Thyroid Hormone Treatment in Pregnancy: Clinical Trials
During the American Thyroid Association’s (ATA) 80th Annual Meeting September 23-27, 2009, held at The Breakers Hotel in Palm Beach, Florida,
Alex Stagnaro-Green, MD, senior associate dean at the Touro University College of Medicine, will present an update on clinical trials of thyroid hormones during pregnancy. His presentation, September 25 at 11:15 a.m. to 12:30 p.m., is part of the Arthur Bauman Clinical Symposium.
“Detection and management of thyroid dysfunction during pregnancy is important for many reasons,” explains Dr. Stagnaro-Green. “For pregnant women with hypothyroidism there is an increased risk for miscarriage, an increased preterm delivery, and an increased risk for decreased IQ and visual motor defects for their offspring.”
The question of universal screening for thyroid disease during pregnancy has critical public health and fiscal implications.
A randomized trial of thyroid drug therapy for pregnant women suffering from hypothyroidism or hypothyroixinemia is being carried out at The Eunice Kennedy Shriver National Institute of Child Health of the Human Development’s Maternal Fetal Medicine Units Network. The study’s primary aim is to determine if thyroxine treatment in pregnant women with subclinical hypothyroidism or hypothroxinemia is associated with improved intellectual function in children at five years of age. Secondary aims seek to establish if thyroxine treatment for pregnant women affect fetal growth, preterm birth or preeclampsia.
“Newborn follow-ups are scheduled at 12, 24 and 36 months and at ages four and five years,” explains Dr. Stagnaro-Green.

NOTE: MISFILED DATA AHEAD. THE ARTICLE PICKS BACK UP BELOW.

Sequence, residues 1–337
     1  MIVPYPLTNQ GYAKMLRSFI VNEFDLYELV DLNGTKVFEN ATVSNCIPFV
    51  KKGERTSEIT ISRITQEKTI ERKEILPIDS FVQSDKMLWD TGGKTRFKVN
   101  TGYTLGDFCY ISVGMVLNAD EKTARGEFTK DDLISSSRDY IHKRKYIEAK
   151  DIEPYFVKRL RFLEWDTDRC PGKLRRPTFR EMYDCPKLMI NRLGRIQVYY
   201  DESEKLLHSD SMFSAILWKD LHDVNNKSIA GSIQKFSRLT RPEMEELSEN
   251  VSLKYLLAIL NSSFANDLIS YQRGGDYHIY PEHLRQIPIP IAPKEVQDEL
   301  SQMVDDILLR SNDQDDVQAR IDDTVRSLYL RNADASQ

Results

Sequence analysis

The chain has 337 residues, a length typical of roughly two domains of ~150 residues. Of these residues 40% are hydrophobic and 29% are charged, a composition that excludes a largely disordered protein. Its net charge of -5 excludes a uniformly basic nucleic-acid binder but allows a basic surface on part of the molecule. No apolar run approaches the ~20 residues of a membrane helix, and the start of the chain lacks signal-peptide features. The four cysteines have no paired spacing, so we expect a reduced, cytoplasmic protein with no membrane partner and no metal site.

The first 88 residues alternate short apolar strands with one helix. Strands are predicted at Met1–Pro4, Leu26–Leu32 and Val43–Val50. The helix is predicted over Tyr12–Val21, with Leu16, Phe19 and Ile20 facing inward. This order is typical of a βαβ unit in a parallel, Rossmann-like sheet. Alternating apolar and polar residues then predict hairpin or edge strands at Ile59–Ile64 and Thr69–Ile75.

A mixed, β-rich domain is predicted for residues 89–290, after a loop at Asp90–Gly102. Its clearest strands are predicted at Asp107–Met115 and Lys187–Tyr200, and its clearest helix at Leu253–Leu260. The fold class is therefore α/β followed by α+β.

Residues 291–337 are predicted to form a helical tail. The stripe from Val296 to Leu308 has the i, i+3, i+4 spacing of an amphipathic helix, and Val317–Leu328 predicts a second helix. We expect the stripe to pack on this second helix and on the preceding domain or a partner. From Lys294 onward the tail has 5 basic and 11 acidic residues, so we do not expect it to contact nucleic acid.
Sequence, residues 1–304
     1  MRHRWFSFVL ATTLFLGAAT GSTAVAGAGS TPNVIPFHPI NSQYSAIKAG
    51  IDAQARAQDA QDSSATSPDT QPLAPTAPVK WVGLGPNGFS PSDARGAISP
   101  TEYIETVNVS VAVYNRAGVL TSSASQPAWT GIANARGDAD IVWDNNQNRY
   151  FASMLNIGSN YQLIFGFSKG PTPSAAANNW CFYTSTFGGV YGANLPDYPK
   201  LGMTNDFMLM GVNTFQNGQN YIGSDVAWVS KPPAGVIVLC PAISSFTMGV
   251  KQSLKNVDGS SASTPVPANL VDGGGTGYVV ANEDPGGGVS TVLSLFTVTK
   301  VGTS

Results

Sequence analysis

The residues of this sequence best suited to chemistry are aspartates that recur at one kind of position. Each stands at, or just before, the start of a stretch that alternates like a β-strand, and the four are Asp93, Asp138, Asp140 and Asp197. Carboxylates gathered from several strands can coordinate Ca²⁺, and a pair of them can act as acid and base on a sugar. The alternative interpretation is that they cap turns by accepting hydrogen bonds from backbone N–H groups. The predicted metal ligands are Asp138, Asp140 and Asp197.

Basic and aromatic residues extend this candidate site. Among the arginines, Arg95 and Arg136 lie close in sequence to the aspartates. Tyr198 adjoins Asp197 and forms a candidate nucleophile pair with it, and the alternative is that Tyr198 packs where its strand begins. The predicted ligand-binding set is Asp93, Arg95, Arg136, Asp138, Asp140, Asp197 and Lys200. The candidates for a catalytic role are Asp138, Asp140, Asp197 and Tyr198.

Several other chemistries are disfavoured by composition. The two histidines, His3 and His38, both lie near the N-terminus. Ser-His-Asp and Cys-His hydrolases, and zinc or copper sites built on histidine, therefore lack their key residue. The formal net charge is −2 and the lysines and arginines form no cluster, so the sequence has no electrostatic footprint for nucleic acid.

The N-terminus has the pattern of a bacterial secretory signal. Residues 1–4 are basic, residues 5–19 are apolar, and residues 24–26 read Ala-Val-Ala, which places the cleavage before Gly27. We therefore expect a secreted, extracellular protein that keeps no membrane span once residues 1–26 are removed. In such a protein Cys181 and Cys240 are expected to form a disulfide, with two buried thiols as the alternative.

Another clinical trial, the Controlled Antenatal Thyroid Screening Study (CATS), is being carried out in Cardiff, Wales, London, England and Turin, Italy. According to Dr. Stagnaro-Green, the purpose of the CATS trial is to determine the impact of thyroid hormone treatment of pregnant women with subclinical hypothyroidism or hypothyroxinemia on the intellectual function of their offspring at age three.
The American Thyroid Association (ATA) is the lead organization in promoting thyroid health and understanding thyroid biology. The ATA values scientific inquiry, clinical excellence, public service, education, collaboration, and collegiality.
A non-profit medical society founded in 1923, the ATA fulfills its mission through supporting excellence and innovation in research, clinical care, education, and public health. ATA members are physicians and scientists who work to enhance the understanding of thyroid physiology and pathophysiology, improve the diagnosis and treatment of thyroid diseases, and promote the education of physicians, patients, and the public about thyroid disorders. The official journal “Thyroid” of the ATA is published monthly. “Clinical Thyroidology” is published online monthly for the benefit of clinicians and scientists around the world.
Thyroid diseases are among the most common disorders of the endocrine system, affecting almost 13 million Americans alone. The ATA has extensive online information for patients on thyroid disease (in English and Spanish) serving the clinician as a resource for patients and the public who look for reliable information on the internet. To further benefit patients, the ATA publishes an online journal “Clinical Thyroidology for Patients.” The Alliance for Patient Education was formed in 2002 to offer an exchange of information between the ATA and patient education groups: ThyCa: Thyroid Cancer Survivors’ Association, Inc.; the Light of Life Foundation, and the Graves’ Disease Foundation. A public forum is held each year in conjunction with the ATA annual meeting.
The 80th Annual Meeting of the ATA will be in Palm Beach, Florida, from September 23-27, 2009 at The Breakers Hotel. All registration and program information is available at http://www.thyroid.org. We welcome your participation.
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Source: American Thyroid Association